Republican fake elector running to lead election commission
One of the 10 Republicans who attempted to cast Electoral College ballots for Donald Trump even though he lost Wisconsin is running to become chairman of the state elections commission where he currently serves as a member
MADISON, Wis. (AP) — One of the 10 Republicans who attempted to cast Electoral College ballots for Donald Trump even though he lost Wisconsin said Monday he is running to become chairman of the state elections commission where he currently serves as a member.
Robert Spindell has been an outspoken member of the bipartisan commission and supporter of the investigation into the 2020 election being led by a former Wisconsin Supreme Court justice. Spindell has also traveled the state giving a presentation he calls “Thirteen Ways the 2020 Election was Rigged in Wisconsin.”
“I am far and away the best qualified for (commission chair) and it would really help the image of the Wisconsin Elections Commission if I am chosen for that,” Spindell said Monday.
The next chair of the commission will hold the position heading into the November election and in the lead up to the 2024 presidential election in battleground Wisconsin. The chair by state law approves the vote canvass following elections and certifies results. The chair also sets the agenda for the commission and can exert influence over how questions are framed, an important power on the board that is evenly divided between Republicans and Democrats.
The commission scheduled a vote Wednesday to elect the next chair. State law requires the commission chair post to alternate every two years between a Republican and Democratic member who has been appointed by legislative leaders.
The current chair is Democrat Ann Jacobs. That means the next chair must be either Spindell or Dean Knudson, a former Republican state lawmaker, who served as commission chair for two years before Jacobs.
Knudson did not return messages seeking comment Monday. Spindell said he has spoken with Knudson about the chairman post, but he did not know if he would seek it.
“It has to be me or Dean," Spindell said. "But I think I’m far and away the best qualified for that.”
Jacobs declined to comment about the prospect of Spindell, whom she has sparred with often, being the next chair.
“I think the discussion of who should be chair should best be held in our meeting in front of the public on Wednesday," she said.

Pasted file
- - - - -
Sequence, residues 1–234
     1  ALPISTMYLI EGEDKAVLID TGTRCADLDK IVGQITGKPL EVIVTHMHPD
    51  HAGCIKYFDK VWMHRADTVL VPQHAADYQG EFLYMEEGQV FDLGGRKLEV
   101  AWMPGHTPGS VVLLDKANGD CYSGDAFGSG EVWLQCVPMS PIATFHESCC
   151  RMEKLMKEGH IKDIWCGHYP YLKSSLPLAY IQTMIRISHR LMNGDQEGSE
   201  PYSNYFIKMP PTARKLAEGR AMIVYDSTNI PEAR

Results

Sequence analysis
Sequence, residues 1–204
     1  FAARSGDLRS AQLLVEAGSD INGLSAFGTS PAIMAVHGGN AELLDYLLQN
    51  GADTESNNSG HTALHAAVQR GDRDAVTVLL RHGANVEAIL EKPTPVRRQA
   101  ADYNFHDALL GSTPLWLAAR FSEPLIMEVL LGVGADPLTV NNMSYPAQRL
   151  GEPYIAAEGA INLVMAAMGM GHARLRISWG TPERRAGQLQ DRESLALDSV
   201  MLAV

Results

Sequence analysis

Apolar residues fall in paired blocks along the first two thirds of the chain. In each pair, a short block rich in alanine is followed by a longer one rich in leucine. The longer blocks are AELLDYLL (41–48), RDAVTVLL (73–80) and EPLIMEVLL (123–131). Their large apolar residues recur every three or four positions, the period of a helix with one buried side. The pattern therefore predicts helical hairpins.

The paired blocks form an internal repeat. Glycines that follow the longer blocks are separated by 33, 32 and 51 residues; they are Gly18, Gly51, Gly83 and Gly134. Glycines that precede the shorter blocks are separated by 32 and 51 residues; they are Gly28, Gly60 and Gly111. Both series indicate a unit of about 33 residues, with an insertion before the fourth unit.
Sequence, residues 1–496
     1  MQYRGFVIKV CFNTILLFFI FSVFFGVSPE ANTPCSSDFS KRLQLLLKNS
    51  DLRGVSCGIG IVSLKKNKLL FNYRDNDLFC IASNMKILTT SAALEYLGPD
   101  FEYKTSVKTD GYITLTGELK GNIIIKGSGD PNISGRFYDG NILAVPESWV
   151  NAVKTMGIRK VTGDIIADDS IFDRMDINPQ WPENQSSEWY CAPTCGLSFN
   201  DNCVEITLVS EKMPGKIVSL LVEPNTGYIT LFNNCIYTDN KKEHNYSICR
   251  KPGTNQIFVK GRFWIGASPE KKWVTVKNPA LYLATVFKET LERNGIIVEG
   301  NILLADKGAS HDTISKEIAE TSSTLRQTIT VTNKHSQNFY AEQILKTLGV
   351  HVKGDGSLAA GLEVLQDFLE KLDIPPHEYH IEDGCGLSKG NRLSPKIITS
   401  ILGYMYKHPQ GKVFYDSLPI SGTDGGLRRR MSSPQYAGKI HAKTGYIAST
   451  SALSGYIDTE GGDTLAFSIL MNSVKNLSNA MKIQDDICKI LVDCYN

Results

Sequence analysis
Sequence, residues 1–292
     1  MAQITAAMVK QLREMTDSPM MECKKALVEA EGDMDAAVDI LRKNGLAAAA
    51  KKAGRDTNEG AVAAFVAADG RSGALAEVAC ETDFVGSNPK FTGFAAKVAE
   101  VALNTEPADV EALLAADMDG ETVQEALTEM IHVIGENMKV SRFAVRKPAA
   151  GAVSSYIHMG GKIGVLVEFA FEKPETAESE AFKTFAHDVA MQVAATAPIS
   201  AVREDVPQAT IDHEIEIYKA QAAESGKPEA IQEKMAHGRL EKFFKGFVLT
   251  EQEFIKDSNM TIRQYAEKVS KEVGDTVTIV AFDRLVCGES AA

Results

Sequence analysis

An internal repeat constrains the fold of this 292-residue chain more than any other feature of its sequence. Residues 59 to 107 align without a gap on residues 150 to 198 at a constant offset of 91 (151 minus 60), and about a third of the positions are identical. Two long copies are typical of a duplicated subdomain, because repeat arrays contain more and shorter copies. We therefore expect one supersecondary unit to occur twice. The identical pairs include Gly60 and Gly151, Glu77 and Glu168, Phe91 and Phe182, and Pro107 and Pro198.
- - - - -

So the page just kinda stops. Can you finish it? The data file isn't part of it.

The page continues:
At least one Democratic member would have to vote for Spindell in order for him to become the next chair. It's not immediately clear what would happen if the board were to deadlock.
“We’ll find out on Wednesday," Jacobs said.
Spindell dismissed concerns raised by Democrats and others about his support for Michael Gableman's election investigation, his serving as one of the 10 fake Republican electors and his questioning of how the 2020 election was run. Spindell and other Republicans who cast electoral votes for Trump, even though he lost to Biden, said they were trying to preserve his options in case a court overturned the Biden victory.
Spindell and the other fake GOP electors were sued last week.
Even though Gableman called for the Legislature to consider decertifying President Joe Biden's win in the state, Spindell opposes that. Numerous attorneys, both conservative and liberal, have said the idea is illegal.
“You cannot withdraw the 10 elector votes," Spindell said. "You can’t take Biden in and put Trump in today. I think that’s pretty clear. So I know a lot of this stuff, what you can do and can’t do.”
As for whether there was fraud in the 2020 election, Spindell said, “Nobody knows, maybe God only knows. But it’s certainly apparent that no fraud I can see has been proven in a court of law."
Spindell said by electing him chair, he could help speak with Republicans who have concerns about the way the commission operates and alleviate their fears. The Republican Party on Saturday at its state convention approved a resolution calling for the commission to be dissolved.
Spindell opposes doing away with the commission, but said he was open to making changes to how it runs.
“Right now the organization is under quite a bit of attack,” Spindell said. “What we need to do with that is make things more transparent and show some of the good stuff that’s been done by the Wisconsin Elections Commission.”